The UK’s national customs office issued £200,000 in fines to UK businesses for exports of unlicensed military and dual-use goods in 2021.

Between March and November last year, Her Majesty’s Revenue & Customs (HMRC) issued compound penalties between £1,000 and £54,000 to 10 UK exporters.

Seven of these fines were for the export of military rated goods without the appropriate licence, and three were for the export of dual-use goods without the appropriate licence.

All 10 cases were found to be in contravention of the UK’s 2008 Export Control Order, following an investigation by the Export Control Joint Unit (ECJU).

What is a controlled item?

The 2008 Export Control Order determines what types of goods are “controlled” due to military or dual-use potential.

The broad categories include:

  • items specifically designed or modified for military use and their components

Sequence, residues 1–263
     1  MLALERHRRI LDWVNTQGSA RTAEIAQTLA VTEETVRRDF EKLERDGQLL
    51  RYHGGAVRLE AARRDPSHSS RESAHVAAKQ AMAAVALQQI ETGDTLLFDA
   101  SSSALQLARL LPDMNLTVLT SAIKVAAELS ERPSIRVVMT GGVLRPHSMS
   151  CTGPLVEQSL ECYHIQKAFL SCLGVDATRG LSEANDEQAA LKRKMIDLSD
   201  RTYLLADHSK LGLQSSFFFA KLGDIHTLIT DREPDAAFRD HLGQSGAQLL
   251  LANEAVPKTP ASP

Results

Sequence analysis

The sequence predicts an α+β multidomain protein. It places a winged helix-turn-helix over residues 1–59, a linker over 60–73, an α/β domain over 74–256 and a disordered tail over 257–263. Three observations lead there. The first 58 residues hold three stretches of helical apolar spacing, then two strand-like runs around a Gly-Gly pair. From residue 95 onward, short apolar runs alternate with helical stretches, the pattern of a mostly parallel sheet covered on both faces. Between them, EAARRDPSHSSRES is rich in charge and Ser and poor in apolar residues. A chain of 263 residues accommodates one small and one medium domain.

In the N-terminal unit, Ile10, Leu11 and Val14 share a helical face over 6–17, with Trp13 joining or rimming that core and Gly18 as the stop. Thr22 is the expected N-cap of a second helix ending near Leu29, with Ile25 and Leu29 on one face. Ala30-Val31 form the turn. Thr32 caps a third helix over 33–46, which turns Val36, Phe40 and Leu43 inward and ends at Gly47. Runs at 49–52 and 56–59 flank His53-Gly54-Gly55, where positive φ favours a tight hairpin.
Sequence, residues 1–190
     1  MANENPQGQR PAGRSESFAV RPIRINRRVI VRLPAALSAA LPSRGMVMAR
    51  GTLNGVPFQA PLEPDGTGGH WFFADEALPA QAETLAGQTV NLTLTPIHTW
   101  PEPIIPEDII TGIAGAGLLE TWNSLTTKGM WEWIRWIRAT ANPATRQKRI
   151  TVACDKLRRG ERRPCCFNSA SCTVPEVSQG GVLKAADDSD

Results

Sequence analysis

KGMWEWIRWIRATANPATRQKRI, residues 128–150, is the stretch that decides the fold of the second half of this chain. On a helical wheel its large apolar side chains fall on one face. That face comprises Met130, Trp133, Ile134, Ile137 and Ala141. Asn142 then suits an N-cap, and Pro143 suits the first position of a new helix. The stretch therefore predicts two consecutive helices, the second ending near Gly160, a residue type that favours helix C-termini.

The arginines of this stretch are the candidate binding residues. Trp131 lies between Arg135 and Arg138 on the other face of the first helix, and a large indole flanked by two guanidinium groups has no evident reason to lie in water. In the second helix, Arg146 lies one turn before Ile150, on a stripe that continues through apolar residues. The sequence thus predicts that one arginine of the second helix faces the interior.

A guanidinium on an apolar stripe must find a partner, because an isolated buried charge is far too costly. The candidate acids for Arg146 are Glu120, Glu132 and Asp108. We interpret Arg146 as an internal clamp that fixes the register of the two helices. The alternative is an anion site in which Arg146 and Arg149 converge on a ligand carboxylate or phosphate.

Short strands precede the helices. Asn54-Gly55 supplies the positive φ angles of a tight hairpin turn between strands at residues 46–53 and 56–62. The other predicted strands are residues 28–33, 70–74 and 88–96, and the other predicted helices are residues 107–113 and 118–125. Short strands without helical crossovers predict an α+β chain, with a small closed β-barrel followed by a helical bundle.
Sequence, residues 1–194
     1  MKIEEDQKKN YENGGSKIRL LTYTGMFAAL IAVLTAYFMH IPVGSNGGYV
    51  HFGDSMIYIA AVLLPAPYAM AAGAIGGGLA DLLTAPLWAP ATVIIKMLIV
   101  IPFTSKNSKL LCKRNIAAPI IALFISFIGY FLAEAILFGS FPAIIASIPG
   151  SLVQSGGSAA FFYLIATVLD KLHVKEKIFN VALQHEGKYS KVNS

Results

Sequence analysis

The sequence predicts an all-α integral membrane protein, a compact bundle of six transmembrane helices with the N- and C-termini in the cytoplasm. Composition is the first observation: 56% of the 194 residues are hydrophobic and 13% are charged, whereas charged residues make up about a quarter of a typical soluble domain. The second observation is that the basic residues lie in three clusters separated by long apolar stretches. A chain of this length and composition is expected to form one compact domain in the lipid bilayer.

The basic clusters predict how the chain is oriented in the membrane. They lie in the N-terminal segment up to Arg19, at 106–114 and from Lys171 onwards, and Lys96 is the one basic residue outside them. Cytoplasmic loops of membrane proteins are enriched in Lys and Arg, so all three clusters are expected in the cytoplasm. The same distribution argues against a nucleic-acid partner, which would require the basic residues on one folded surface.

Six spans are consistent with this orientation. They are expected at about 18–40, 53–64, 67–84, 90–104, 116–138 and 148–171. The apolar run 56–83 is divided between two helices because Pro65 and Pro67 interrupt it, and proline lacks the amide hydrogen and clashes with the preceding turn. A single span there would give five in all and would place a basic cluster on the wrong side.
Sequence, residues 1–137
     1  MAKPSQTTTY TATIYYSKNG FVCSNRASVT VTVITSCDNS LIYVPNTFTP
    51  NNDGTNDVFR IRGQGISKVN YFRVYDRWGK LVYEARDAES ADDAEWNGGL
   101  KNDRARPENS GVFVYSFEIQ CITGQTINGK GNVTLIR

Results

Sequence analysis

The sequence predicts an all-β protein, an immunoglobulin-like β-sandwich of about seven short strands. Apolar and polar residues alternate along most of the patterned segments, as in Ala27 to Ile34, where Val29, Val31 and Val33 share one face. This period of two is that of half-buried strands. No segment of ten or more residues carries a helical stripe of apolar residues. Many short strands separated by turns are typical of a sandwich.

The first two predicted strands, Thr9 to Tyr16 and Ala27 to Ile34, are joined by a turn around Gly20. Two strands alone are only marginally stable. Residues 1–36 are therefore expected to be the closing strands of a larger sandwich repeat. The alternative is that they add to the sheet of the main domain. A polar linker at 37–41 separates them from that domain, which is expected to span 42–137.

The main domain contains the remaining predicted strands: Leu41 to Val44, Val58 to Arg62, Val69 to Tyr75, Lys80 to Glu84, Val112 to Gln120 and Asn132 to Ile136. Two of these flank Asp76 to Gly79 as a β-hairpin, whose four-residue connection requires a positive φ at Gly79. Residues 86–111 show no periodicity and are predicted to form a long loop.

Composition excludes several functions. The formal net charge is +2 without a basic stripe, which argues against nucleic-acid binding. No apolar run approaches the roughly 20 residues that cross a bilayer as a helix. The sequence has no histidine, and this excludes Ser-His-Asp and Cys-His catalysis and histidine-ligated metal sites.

• dual-use items that can be used for civil or military purposes
  • associated technology and software
  • goods that might be used for torture
  • radioactive sources

UK exporters can find a consolidated list of such items here, published by the ECJU and the Department for International Trade (DIT).

The UK’s website also offers an online checker for businesses to establish whether the goods they intend to export are controlled.

In such cases, the goods may be subject to a general export licence (OGEL), or they may be listed under a control list entry (or “rating”), which means the exporter needs a special licence from the ECJU.

The UK updates its strategic export control lists about twice a year, and it is the responsibility of the exporter to ensure that they are aware of all recent updates and licensing rules.